For a change, I ushered in the Indian summer and a new month with colours this time. It’s the happiest festival, where the colours are everywhere. Or it is supposed to be. This was the first time I celebrated ‘Holi’ like it was meant to be. And dare I say it, it was fun. I couldn’t see the point in Holi a while ago because where I was they took the spirit of Holi to a more ugly place, where there’s no respect for personal space and Holi became an excuse to torment. It’s quite sad that it still happens. But Holi can be fun when played with the right people and with respect for each other.
I am not too much of a fan of Holi either, but it’s good for the soul. At least it was for me because I don’t usually play and secondly, I needed something to lift my spirits. I enjoyed some quality time with the family, which I didn’t expect. An ordinary day soon turned extraordinary. We didn’t really prepare for Holi, we made do with what we had, and had a good old memorable time. That is the fun of it. We had never been as close as we were in those precious minutes putting colour on each other.
I don’t remember laughing like that in a long time. Just abandoning my apprehensions and doing something totally unfamiliar to my personality. Of course, it tired me out, but in a good way. It left me happy and content. I thought playing the colourful game required a crowd and that was the fun of it, which doesn’t sound fun at all. But actually you can have a very few number of people playing and it can be just as fun if not more. Every year the festival comes and I used to be the most unimpressed because it’s essentially a game of unabashedly getting dirty. Sometimes the colours wouldn’t go for days no matter how many baths you took and I was not a fan of getting sprayed with water and water balloons. But where I live you can still step outside and not find people come put colour or any other material on you using the excuse of Holi.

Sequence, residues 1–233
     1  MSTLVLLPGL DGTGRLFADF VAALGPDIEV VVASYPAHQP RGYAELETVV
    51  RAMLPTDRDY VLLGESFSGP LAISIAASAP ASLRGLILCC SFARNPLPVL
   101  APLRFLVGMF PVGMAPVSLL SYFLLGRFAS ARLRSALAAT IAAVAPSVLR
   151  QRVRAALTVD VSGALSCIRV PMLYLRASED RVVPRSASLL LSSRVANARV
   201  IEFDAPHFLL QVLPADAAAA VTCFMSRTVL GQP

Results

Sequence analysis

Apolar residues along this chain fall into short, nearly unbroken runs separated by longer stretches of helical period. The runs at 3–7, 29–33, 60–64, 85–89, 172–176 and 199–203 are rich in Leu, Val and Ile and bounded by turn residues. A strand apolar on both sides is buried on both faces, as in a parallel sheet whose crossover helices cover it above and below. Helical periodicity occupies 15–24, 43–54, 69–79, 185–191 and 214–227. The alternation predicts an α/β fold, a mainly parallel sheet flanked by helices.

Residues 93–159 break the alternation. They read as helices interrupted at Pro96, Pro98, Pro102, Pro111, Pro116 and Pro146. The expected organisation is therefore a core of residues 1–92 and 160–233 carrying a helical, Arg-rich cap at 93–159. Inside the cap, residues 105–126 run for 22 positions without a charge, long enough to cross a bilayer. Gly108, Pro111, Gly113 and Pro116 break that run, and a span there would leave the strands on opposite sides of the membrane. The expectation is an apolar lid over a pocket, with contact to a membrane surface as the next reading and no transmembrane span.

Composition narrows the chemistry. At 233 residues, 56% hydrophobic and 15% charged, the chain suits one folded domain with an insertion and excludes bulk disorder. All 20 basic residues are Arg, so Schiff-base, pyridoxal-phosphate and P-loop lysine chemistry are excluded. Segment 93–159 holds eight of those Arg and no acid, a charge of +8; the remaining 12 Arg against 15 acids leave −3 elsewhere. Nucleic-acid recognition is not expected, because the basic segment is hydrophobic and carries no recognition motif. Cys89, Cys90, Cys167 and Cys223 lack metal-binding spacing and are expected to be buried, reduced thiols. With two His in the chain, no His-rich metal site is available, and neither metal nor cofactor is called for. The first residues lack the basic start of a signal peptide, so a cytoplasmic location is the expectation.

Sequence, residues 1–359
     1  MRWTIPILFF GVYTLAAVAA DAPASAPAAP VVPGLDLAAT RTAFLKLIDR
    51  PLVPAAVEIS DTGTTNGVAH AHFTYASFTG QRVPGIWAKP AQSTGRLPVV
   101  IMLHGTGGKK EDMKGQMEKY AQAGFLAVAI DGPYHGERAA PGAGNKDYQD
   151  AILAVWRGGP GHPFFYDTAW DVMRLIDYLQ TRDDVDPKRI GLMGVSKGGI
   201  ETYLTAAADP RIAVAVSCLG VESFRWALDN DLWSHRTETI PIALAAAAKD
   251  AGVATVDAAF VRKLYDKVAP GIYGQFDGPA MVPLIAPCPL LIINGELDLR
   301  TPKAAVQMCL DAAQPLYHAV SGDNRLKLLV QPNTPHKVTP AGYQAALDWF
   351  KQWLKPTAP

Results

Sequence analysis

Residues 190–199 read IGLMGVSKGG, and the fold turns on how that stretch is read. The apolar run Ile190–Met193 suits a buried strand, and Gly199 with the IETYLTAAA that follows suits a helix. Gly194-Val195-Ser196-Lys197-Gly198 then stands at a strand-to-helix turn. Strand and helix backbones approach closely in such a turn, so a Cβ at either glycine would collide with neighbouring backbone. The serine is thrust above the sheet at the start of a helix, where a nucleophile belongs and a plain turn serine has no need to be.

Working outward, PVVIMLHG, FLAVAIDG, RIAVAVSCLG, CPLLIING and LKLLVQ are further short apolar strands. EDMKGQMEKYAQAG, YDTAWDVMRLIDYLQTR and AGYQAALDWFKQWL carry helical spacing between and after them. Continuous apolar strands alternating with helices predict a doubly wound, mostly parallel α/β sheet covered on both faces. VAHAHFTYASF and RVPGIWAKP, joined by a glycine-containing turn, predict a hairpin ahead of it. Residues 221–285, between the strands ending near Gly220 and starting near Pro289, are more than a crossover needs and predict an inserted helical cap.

But a year or so ago I was living in another part of the country, where Holi was serious business. It was so serious that stepping out just to go from point A to point B you’d need an umbrella, agility and a great amount of resolve. In fact, they made the festival unbearable, where children would throw water balloons on any laymen who chose to walk their way. There would be strange men throwing balloons filled with all things but water at passing girls from atop motorbikes and would zip away laughing once the job was done. It killed the joy of the festival very fast making it impossible to enjoy even if you wanted to. It would make me extremely angry.
So you can see why I am not that much of a fan of this festival. But it was only because my family showed how Holi can be done right, without involving anybody who doesn’t want to be involved, without being a public nuisance and was genuinely fun to play. Everyone should be free to play Holi, but if you’re going to irritate and hurt people, it’s not fun, it should be illegal. Holi is quite a sentimental festival for many, for some people, it’s their favourite time of the year, and people who ruin it, in fact, ruin it for everyone even those who like Holi.
I remember my mental block against Holi, it made me stringently against playing it. When you’ve been indoors for so long, constantly wallowing in overflowing thoughts and being in a philosophical state of reclusiveness, only Holi acts as a buffer. It came at a time for me when I was losing it, was so concerned about where I was heading and my muscles all tired and exhausted. In a way, the festival revived me. As somebody who was only thinking in black and white, I needed colour to brighten up my day and my soul. I saw the world in a new light, I saw a rainbow in the night.